New study shows artificial sweeteners may increase sugar levels, affect gut health
A new peer-reviewed research has revealed that artificial sweeteners may actually increase sugar levels in the body. Highlighting that it is no longer safe to assume that artificial sweeteners are not bad for people’s health, immunologist Professor Eran Elinav of the Weizmann Institute of Science raised concerns about their consumption.
Consuming saccharin and sucralose harms the ability of healthy adults to dispose of glucose in their bodies, says the study published in the journal Cell. Eight years ago, a study on rodents rang alarm bells about artificial sweeteners and the current study has reiterated those fears. “They may have directly contributed to enhancing the exact epidemic that they themselves were intended to fight,” Elinav told The Times of Israel.
The assumption that sweeteners provide a harmless hit of sweetness without any health cost is harmful, according to Elinav. While saccharin and sucralose appeared to significantly impair glucose response, when they were combined with aspartame, and stevia then all four of them caused changes in the gut bacteria.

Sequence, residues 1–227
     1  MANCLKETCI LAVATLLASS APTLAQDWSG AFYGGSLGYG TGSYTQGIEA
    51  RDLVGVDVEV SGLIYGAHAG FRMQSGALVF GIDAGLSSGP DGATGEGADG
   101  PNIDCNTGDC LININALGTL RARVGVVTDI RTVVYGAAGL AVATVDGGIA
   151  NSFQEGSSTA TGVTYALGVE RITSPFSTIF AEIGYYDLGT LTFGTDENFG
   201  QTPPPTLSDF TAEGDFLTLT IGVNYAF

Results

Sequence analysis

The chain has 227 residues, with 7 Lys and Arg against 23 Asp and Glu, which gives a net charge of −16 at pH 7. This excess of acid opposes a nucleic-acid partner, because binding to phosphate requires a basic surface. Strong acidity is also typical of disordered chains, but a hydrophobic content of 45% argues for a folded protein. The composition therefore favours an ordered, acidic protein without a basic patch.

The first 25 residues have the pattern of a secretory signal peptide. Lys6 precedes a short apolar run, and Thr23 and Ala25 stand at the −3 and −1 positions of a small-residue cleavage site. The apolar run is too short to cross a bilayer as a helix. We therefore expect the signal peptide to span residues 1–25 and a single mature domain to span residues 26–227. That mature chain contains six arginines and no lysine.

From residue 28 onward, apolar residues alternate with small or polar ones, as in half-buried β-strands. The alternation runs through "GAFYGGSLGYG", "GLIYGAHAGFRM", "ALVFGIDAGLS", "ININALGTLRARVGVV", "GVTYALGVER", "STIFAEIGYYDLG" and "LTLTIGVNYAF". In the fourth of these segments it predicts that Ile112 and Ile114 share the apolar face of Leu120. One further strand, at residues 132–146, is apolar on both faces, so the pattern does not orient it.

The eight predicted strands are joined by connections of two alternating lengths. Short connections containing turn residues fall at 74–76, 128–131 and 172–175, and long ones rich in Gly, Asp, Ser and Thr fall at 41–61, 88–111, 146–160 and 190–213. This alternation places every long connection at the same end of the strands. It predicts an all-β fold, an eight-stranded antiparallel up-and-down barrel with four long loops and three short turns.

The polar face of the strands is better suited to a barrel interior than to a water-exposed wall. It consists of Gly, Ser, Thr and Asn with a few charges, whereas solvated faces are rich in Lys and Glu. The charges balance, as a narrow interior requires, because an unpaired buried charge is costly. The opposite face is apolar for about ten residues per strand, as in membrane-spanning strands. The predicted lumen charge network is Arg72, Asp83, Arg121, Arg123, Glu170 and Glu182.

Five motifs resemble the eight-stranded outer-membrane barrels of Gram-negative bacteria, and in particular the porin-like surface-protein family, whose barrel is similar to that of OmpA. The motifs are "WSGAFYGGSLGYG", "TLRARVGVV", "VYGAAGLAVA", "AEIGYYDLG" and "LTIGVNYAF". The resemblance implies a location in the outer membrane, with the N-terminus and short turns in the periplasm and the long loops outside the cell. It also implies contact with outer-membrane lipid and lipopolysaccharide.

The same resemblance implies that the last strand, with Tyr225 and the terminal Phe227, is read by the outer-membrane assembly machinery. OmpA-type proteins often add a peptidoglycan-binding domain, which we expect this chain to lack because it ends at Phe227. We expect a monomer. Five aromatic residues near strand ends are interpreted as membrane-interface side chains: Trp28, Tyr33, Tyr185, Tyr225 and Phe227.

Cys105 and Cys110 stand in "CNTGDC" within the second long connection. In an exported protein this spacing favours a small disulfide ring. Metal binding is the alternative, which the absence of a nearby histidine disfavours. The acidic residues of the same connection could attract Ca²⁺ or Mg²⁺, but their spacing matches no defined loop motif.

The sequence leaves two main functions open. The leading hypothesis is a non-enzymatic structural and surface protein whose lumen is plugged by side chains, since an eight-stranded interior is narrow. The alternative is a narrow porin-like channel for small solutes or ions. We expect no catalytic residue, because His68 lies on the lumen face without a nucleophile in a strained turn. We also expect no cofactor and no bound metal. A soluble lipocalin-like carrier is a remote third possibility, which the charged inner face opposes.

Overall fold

“We found that the gut microbe composition and function changes in response to consumption of all four sweeteners, meaning that they are not inert to the human body,” said Elinav. When the faeces from some of the people were transplanted into rodents during the experiment, it bred to have no bacteria of their own.
Sweeteners reduced the ability to dispose of glucose in mice with faeces from people whose glucose tolerance was hit hardest by sweeteners. Changing the microbiome can impact glucose tolerance, and this strengthened the scientist’s theory that sweeteners are affecting gut bacteria.
(With inputs from agencies)